||CAMP VICTORY, AFGHANISTAN (60' &
DIRECTED BY CAROL DYSINGER
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Camp Victory, Afghanistan is about the re-building of an
army. With 300 hours of tape shot over years, filmmaker
Carol Dysinger set out to tell this story from both an
Afghan and American perspective through the eyes of two
men. It is the first film to examine the training of the
new Afghan military. It is also a story about the depths
and limits of an unlikely friendship in war.
General Fazaludin Sayar, is a veteran who has been
fighting for Afghanistan since the age of 13?his face
shows thirty years of war fighting. Stronger than his
wariness of foreigners is his deep hunger for peace. He is
determined to build his army, with or in spite visiting
The first US contingent sent to train General Sayar?s army
is the Vermont National Guard. They arrive with good
intentions and a can-do attitude. But they witness
corruption and thievery, lose their beloved medic in a
battle where Afghans desert and betray them.
Then a new contingent follows lead by a American Col.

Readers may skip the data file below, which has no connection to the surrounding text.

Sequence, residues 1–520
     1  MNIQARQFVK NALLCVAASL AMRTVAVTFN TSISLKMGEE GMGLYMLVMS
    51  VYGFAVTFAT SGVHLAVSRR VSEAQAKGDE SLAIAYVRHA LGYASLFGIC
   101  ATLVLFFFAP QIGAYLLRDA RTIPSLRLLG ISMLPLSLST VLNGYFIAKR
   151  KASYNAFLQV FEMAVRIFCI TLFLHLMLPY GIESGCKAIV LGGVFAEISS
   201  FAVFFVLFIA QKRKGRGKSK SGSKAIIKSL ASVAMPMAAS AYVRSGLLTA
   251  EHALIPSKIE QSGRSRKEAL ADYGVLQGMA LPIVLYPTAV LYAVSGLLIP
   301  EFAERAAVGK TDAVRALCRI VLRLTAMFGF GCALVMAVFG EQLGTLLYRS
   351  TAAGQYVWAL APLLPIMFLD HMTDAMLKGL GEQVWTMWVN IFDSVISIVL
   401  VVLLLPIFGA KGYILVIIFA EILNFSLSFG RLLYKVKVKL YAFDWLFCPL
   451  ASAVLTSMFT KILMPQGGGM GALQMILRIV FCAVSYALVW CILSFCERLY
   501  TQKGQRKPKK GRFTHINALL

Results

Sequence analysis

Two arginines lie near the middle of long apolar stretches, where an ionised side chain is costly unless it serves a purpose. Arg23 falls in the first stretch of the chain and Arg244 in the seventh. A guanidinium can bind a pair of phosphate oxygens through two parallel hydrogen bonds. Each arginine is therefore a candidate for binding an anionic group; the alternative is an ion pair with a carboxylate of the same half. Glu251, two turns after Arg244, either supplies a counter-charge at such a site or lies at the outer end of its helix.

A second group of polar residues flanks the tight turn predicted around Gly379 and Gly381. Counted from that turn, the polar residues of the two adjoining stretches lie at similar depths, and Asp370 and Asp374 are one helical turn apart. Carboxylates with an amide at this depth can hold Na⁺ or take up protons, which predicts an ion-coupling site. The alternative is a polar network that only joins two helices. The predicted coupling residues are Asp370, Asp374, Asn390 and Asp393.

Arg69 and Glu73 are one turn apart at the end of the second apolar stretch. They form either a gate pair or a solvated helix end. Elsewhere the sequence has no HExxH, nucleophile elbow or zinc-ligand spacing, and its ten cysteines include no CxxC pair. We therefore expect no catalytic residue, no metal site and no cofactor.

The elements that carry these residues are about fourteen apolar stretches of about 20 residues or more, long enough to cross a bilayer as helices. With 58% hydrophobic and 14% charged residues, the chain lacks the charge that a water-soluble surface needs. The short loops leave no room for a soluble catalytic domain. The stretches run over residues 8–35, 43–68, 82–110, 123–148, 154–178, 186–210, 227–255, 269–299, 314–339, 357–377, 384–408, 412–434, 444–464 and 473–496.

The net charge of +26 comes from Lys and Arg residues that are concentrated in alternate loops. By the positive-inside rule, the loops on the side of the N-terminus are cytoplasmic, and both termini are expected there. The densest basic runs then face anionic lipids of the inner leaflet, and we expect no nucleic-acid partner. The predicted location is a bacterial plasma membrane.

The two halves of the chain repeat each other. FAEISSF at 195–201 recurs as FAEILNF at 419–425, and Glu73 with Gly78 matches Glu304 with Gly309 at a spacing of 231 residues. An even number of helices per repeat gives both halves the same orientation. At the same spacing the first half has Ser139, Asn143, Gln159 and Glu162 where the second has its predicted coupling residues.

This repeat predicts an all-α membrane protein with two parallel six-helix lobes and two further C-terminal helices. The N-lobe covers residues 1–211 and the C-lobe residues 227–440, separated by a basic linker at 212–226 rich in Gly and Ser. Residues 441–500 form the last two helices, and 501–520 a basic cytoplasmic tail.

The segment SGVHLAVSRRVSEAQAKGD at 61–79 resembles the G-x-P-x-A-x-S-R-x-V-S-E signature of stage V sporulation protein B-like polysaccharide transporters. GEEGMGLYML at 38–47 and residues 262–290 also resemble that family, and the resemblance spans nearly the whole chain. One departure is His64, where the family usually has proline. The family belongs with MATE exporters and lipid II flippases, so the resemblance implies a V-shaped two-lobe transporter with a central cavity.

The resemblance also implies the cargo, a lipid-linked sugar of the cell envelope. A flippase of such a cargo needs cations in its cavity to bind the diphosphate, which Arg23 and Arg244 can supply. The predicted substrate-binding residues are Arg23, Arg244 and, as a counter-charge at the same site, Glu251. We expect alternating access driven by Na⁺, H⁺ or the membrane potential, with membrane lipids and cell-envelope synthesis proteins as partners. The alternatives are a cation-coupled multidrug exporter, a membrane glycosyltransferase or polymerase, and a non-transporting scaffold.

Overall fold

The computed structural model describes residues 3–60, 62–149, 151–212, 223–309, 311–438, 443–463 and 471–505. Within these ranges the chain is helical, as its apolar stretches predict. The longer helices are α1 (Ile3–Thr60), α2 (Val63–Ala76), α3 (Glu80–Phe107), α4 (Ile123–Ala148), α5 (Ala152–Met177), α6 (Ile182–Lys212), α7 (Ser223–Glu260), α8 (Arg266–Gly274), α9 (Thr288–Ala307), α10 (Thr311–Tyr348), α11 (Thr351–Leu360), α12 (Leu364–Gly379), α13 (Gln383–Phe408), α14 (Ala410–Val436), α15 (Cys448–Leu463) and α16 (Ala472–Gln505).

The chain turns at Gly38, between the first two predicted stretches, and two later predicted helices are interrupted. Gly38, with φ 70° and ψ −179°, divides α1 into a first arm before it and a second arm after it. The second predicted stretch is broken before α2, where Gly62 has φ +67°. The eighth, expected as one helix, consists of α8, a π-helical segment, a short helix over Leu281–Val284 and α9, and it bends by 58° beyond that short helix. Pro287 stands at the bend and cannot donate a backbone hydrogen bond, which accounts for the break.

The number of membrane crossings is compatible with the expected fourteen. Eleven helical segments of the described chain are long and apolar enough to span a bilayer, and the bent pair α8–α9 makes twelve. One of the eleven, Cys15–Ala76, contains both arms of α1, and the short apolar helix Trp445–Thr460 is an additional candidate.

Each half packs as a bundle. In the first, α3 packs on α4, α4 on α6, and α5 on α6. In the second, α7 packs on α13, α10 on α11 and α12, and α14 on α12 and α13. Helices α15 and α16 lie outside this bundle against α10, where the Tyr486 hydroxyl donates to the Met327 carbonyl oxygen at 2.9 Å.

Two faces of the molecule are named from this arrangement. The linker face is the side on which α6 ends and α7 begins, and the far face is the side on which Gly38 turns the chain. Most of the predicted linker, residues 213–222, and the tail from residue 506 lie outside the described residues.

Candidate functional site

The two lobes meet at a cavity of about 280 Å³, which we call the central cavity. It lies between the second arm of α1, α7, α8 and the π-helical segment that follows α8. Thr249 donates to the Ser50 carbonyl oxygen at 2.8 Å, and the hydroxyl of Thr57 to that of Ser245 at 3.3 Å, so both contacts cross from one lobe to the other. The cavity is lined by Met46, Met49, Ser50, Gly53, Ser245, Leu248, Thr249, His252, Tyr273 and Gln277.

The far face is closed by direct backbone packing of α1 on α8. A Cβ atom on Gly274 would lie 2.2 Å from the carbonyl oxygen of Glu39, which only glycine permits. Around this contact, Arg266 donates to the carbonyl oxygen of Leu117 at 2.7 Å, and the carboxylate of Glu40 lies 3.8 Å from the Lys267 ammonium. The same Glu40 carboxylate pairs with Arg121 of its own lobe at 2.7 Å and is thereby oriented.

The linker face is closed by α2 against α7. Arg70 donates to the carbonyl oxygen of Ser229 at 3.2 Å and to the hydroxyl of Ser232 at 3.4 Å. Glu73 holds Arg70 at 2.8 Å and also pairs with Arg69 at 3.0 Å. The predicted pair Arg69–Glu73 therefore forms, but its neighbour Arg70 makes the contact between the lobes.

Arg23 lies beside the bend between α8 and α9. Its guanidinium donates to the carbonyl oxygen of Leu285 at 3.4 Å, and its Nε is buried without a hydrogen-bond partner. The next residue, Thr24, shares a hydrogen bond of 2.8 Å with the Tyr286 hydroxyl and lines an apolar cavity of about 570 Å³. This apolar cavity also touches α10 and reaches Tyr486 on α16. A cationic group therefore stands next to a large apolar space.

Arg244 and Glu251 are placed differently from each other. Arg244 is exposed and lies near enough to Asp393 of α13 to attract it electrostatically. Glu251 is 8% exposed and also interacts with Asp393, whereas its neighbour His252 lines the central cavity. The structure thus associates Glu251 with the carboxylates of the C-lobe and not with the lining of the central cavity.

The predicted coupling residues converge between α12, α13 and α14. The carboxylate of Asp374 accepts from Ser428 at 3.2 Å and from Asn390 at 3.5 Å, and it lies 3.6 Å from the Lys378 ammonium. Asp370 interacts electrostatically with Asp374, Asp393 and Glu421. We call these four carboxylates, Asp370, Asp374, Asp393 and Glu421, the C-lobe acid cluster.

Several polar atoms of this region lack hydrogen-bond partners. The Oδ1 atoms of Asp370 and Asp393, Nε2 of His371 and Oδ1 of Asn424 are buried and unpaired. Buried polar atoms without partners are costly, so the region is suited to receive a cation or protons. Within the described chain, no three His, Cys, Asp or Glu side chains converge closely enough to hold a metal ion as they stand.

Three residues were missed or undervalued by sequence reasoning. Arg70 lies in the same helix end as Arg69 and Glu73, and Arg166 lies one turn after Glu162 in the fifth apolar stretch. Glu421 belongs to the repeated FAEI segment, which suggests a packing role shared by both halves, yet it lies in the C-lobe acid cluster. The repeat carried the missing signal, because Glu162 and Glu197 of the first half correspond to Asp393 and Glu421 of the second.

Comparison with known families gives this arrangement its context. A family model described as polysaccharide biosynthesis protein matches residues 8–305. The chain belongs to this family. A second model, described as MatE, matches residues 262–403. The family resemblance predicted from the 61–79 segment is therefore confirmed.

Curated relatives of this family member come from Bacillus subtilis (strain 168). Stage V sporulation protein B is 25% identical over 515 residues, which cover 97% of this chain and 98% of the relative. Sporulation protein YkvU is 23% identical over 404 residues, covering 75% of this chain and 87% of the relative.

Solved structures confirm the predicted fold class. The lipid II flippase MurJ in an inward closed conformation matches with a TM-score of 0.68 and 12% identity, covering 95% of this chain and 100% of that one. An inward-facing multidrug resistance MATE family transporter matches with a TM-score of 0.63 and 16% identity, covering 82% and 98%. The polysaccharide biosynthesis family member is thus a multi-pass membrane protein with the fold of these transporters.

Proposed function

Shute, a lifelong Guardsmen with no combat experience. He
seems an unlikely mentor to General Sayar. But unlike so
many before him, Sayar sits and listens.
But slowly Sayar begins revealing the truth of his past,
which is intimately intertwined with the historical shifts
in his country over the past 30 years. As Shute?s
understanding deepens, they work to create an army from
untrained and largely illiterate enlistees. The situation
worsens around them, and authorities suddenly hand the job
of training over to the Italian Army. Sayar?s frustration
grows. Finally, with Shute?s backing, Sayar let?s the
Special Forces, Italians, and Americans have it in one big
meeting. It is a watershed moment. Shute must return home
but swears he will come back. Before he can, Sayar dies,
as men do in war. Shute remains to this day, deeply
conflicted about the mission, but not about the love he
has for his friend.
In Camp Victory, Afghanistan we witnesses the gap between
policy and reality in training the new Afghan National
Army. The film tells the story of a battle-tested Afghan
Brigadier General and the friendship he develops with an
American Colonel enlisted with helping him turn ragtag
groups of uncertain, impoverished men into a trained,
standing Afghan National Army. An unexpected camaraderie
is captured between them despite Sayar?s growing
exasperation with the US, and their growing friendship
reveal the human cost of an impossible policy.
The film is an intimate, realistic account of the constant
cultural and professional conflicts between the Afghans
and the visiting armies. While lack of trust runs strong,
stronger are the tight emotional bonds sometimes formed
between leaders in the rebuilding of a nation.
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